Since then, Bowdler’s name has been turned into a verb: to bowdlerize, meaning “to expurgate, or censure inappropriate material.”  For example, the medieval church bowdlerized some classical statues by covering up or removing the private parts.

One day people will speak also of timothizing and zakifying things… I’m not sure what it’ll mean.

Anyway, here’s a question: what is the significance of bowdlerism from a purely artistic point of view?  Is The Family Shakespeare just as good as the original?  Or does it maybe lose something, inhibiting the full breadth of Shakespeare’s original poetic vision?

Shakespeare’s plays are of course heavily influenced by the plays of the ancient Greeks and Romans.  Those guys were a little more liberal than the Christian society of Bowdler’s 19th century England… especially when it came to things like sex, violence, nudity…  But sometimes we tend to think of the cultural difference too dualistically—as if the ancient Pagans were some kind of wild hippies compared to the restrained Christian society that followed.

The truth is, even the ancient Greeks had their forms of censorship.  Physical violence and other obscene acts were considered an abomination to Dionysus, the god of theater, and were not permitted to take place on stage.  On the other hand, Christians are not always so restrained.  Occasionally in Christian literature, poets will attempt to glue the missing genitals back on to our concept of man:

“Pleasant and fitting both their use will be
When time and mode and measure do agree,
Else withering from the root all lives would fail
And that old Chaos o’er the wreck prevail.
Conquerors of Death! they fill each empty place
In Nature and immortalize the race.”

-Bernardus Silverstris, De Mundi Universitateº

Other poets too have since tried to piece together our broken form:

ONE’S-SELF I SING

One’s-self I sing, a simple separate person,
Yet utter the word Democratic, the word En-Masse.

Of physiology from top to toe I sing,
Not physiognomy alone nor brain alone is worthy for the Muse, I say
the Form complete is worthier far, The Female equally with the Male I sing.

Of Life immense in passion, pulse, and power, Cheerful, for freest action form’d under the laws divine, The Modern Man I sing.

-Walt Whitman, Leaves of Grass

Until tomorrow,

Tim

º Ed. Barach and Worbel, Bibliotheca Philosophorum Mediae Aetatis, II.xiv.155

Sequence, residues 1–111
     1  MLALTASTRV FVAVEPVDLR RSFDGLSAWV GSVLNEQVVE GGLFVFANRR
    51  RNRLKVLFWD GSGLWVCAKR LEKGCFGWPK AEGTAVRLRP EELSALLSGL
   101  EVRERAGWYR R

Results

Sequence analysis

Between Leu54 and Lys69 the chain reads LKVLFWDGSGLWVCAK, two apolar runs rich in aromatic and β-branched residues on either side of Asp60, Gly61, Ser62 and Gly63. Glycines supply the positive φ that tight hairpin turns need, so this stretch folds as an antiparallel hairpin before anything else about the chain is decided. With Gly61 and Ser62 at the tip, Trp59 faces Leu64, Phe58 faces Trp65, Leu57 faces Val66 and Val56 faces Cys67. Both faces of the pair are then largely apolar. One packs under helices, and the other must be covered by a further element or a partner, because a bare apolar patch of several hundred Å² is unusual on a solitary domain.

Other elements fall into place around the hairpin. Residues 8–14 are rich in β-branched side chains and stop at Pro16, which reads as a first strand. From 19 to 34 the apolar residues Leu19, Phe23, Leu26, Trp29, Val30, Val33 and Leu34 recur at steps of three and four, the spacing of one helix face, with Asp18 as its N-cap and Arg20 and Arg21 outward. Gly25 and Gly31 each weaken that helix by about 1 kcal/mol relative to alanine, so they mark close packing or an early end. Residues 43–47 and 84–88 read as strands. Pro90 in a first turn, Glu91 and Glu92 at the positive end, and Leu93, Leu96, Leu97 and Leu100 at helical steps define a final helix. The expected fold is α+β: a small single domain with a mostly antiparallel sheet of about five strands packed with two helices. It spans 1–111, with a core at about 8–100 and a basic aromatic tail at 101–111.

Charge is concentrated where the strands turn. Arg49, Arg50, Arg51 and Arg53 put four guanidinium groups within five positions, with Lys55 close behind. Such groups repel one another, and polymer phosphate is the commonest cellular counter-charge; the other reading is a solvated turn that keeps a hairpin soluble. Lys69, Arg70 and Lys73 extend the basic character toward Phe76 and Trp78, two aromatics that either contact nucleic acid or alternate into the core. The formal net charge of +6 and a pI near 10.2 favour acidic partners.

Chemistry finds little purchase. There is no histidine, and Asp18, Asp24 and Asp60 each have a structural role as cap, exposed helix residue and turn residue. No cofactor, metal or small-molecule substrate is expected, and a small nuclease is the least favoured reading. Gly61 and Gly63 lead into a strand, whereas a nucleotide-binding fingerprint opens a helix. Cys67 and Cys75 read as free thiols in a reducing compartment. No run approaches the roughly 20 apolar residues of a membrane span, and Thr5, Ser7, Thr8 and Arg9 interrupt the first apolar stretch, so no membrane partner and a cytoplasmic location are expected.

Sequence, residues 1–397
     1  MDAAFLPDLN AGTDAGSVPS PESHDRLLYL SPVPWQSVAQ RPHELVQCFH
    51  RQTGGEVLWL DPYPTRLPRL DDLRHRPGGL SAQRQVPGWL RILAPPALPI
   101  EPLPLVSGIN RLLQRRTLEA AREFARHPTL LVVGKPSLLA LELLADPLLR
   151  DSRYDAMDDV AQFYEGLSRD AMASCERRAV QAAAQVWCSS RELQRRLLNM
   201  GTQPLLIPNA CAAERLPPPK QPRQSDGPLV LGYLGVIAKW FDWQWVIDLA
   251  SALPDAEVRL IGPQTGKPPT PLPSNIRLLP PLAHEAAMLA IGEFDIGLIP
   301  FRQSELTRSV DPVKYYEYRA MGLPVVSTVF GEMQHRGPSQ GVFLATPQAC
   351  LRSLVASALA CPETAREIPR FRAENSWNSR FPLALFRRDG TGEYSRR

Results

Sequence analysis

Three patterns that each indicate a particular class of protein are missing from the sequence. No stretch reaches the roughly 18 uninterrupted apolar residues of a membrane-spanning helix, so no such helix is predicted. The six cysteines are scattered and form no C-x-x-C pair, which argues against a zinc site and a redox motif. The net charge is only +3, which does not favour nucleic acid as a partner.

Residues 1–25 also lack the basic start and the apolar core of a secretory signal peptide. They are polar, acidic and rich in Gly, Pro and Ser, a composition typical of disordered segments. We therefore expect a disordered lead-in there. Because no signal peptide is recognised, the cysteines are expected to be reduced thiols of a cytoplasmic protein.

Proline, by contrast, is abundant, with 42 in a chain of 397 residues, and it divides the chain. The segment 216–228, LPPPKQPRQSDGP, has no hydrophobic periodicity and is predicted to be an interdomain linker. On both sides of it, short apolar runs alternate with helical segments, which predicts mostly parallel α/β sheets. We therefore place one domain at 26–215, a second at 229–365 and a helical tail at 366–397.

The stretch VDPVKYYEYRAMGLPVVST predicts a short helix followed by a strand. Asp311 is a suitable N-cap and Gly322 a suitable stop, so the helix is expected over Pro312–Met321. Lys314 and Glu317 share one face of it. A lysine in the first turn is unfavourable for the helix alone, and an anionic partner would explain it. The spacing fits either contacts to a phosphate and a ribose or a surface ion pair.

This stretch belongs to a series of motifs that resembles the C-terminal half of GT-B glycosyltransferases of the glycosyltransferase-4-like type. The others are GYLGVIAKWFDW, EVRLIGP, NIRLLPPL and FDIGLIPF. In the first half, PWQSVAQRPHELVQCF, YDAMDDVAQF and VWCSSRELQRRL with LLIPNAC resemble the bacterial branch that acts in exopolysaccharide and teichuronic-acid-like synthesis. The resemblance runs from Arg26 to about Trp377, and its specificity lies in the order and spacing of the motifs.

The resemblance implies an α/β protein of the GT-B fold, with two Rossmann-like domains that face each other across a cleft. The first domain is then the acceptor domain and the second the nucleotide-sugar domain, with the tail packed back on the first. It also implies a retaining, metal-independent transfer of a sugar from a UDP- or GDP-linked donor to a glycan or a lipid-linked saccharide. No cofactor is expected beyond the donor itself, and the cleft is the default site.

Impressions and Expressions

Day 27: Tuesday

Good morning Zak,

Sometimes when you’re eating a sandwich some of the crumbs will go down your wind-pipe, and you’ll start coughing.  In a situation like that, many people’s first instinct is to reach for a glass of water to wash it down.  This usually can help reduce the irritation, but it also becomes a bit of a habit.  Eat, cough, drink.  This is fine, except for when it’s water that you’re choking on in the first place.  Probably the worst thing to do when you’re choking on water is to drink more water, but we do it anyway.

There was a time in ancient Rome when they banned public displays of grief.  During the second punic war, too many wives and mothers were losing their husbands and sons, and the government decided they had to do something about the constant grief fest going on in the streets.  It was disheartening to the troops.  So they banned it.

Roman funeral rites were very different from the way we express grief in most of the modern West.  At an ancient Roman or Greek funeral, the women of the family would lead the whole community in a dramatic public display of mourning.  They would wail and tear their clothes and their hair and throw dirt on their heads… It would have been a very distressing scene.  I understand they still do these sorts of things in certain parts of the world.  In parts of southern Italy, for example.

I saw this one person walking alone down an empty street in Bergamo.

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People have all sorts of ways to express grief—really, to express any emotion.  In modern American society, we don’t really have a unified language of expression.  If you ran out of the church after a funeral service and started scooping up soil from the flower bed to dump it on your head, most people watching probably wouldn’t understand what you were doing.  If any of those bystanders happened to be ancient Romans, I guess it would be different.

But banning a form of expression is like trying to stop choking on water by drinking more water.  There is no right or wrong way to express the human experience.  In the middle of a free improvisation, I once saw a composer start banging his head on the inside of the piano and shaking his hair over the strings to make them vibrate.  The ultimate objective of art is authenticity.  If you are at a stage in life where the most authentic form of expression is making farting noises into a microphone, then that’s wonderful.

The word “expressionism” comes from the Latin ex-premere, ex meaning “outward” and premere meaning “to press.”  Maybe it was with the intention of pressing outward and externalizing the human experience that an ancient Hebrew poet once wrote “my bile is poured out because of the destruction of the daughter of my people” (Lamentations 2:11).

Another trend in contemporary art is called impressionism, “pressing inward.”  Ancient Hebrew tradition is equally rich with examples of this: “it is good that one should wait quietly for the salvation of the Lord” (ibid. 3:26).  Maybe Socrates—the first “Platonic” philosopher—was being an impressionist when he went stolidly to his execution, as recounted in Plato’s Phaedo.

In the visual arts, people find all sorts ways of making impressions and expressions.  But it always has something to do with the arrangement of light and the opposition of darkness with light.

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Madonna in Preghiera, Sassoferrato

The Gospel of John in the Christian Bible is said to show a heavy influence from Platonic philosophy.  I think it also gives us good insight regarding the visual arts:

“The light shines in the darkness, but the darkness has not understood it” (1:5).

Until tomorrow,

Tim